Do orders to refrain from, or stay away orders, really make any difference in domestic violence situations? Good question and the answer isn’t that reassuring.
Orders of protection are usually issued as the result of a family “situation,” most commonly domestic violence. There are two kinds of these orders. The refrain from order doesn’t prohibit any behavior that isn’t already illegal; and the stay away order, the more serious of the two, mandates the defendant stay away from the victim.
Along with ordering that the defendant stay away from a victim’s work, home, school or any other place in public, they are required to turn in any firearms. While a nice thought, this rarely happens in practice, and as a net result many women have been seriously harmed or killed by abusive men under a stay away order – as one man in jail was heard saying to a cellmate: “It’s just a piece of paper, man.”
Unfortunately, these orders are just a piece of paper and if a person doesn’t want to pay attention to it and doesn’t care about the consequences, it will likely result in trouble. If a person feels they have nothing to lose by violating either order, then being told they can’t do something or see someone won’t stop them.
In the case of custody and visitation issues, these orders tend to be used as weapons to get the other parent in hot water. Usually the reason behind these (at times) false accusations is if the person has an order issued against them, they won’t get custody or have visitation rights. This makes using either order in these situations virtually useless, as when the court hearing the matter assesses the situation they will see for themselves what the true state of affairs really is.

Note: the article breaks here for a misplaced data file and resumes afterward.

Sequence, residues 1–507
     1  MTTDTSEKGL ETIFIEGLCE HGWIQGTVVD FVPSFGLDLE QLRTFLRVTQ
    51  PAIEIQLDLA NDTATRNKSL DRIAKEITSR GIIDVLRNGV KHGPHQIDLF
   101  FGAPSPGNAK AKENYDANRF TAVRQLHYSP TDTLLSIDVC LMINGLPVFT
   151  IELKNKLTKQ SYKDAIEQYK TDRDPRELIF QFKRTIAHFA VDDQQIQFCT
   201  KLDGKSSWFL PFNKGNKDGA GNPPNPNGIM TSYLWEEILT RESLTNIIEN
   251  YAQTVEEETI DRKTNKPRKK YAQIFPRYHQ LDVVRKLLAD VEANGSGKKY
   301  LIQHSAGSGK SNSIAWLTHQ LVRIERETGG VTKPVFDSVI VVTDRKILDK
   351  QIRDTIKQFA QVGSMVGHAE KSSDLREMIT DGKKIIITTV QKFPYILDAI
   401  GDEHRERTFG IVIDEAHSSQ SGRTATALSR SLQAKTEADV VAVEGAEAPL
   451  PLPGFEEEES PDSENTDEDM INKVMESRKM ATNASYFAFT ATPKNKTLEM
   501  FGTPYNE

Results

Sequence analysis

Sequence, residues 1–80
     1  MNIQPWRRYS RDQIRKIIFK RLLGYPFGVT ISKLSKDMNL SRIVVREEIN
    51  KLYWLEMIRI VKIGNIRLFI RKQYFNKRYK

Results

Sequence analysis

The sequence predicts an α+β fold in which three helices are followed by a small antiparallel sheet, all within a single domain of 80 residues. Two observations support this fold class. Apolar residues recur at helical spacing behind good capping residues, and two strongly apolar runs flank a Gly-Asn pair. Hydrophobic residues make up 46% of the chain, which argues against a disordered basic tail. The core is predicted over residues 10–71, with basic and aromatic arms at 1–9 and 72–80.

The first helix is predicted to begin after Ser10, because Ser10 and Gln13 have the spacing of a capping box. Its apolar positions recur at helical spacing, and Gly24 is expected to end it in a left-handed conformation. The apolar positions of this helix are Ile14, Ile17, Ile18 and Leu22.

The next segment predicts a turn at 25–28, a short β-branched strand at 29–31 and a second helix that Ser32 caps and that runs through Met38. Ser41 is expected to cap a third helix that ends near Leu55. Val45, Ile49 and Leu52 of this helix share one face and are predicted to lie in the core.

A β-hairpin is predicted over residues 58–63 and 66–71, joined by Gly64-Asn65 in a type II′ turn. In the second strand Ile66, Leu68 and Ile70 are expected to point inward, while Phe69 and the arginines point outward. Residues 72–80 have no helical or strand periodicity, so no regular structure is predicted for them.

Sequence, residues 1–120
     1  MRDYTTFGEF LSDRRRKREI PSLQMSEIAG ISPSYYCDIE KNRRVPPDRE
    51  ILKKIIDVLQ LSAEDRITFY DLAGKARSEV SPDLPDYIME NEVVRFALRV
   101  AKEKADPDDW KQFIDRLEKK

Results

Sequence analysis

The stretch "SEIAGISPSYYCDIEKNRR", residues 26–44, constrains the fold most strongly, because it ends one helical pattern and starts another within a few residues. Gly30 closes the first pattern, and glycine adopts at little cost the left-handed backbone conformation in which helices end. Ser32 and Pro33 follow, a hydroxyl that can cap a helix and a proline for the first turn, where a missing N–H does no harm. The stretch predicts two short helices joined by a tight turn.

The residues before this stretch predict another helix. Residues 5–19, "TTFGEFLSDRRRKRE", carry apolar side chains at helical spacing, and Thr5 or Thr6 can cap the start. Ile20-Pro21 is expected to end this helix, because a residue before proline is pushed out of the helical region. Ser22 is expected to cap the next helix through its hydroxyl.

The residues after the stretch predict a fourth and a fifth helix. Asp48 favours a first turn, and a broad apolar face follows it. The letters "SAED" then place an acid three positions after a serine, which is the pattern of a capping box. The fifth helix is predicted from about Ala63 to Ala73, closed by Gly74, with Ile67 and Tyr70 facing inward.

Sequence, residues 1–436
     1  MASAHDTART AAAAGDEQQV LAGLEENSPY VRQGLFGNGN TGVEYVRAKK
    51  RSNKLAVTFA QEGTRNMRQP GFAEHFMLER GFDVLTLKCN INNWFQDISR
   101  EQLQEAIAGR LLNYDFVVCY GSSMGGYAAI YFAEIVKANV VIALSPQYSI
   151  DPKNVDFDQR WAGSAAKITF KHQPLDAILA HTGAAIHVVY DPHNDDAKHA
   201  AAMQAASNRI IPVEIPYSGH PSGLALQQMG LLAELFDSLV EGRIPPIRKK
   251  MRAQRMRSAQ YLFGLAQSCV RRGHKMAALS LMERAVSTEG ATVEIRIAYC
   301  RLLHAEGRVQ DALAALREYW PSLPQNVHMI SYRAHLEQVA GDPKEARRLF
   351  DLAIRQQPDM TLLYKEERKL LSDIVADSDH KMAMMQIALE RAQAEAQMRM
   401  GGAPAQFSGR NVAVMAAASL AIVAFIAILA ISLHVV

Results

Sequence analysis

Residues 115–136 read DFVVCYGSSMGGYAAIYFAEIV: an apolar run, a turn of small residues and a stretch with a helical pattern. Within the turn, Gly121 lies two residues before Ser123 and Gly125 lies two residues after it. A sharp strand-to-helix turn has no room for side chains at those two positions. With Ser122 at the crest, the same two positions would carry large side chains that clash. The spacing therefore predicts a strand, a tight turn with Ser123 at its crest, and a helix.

In divorce actions these refrain from or stay away orders are also, once again, used as a tool against the other spouse. If allegations of harassment or aggravated harassment are leveled and an order issued, this is read into the record for the court to hear during the child custody and visitation portion of the court hearings. Basically, no one wins in instances like this, and certainly not the children, who should be the major focus in cases like this.
Jeremiah Denslow is a Dayton Divorce Lawyer in Dayton Ohio with Denslow Law Firm. The firm specializes in family law. Jeremiah also practices Dayton criminal defense. To learn more about Dayton divorce lawyer, Dayton dui lawyer, Dayton defense lawyer, Dayton divorce attorney, Dayton dui attorney, Dayton defense attorney, Dayton attorney, Dayton lawyer, Dayton ohio, visit Denslowlaw.com.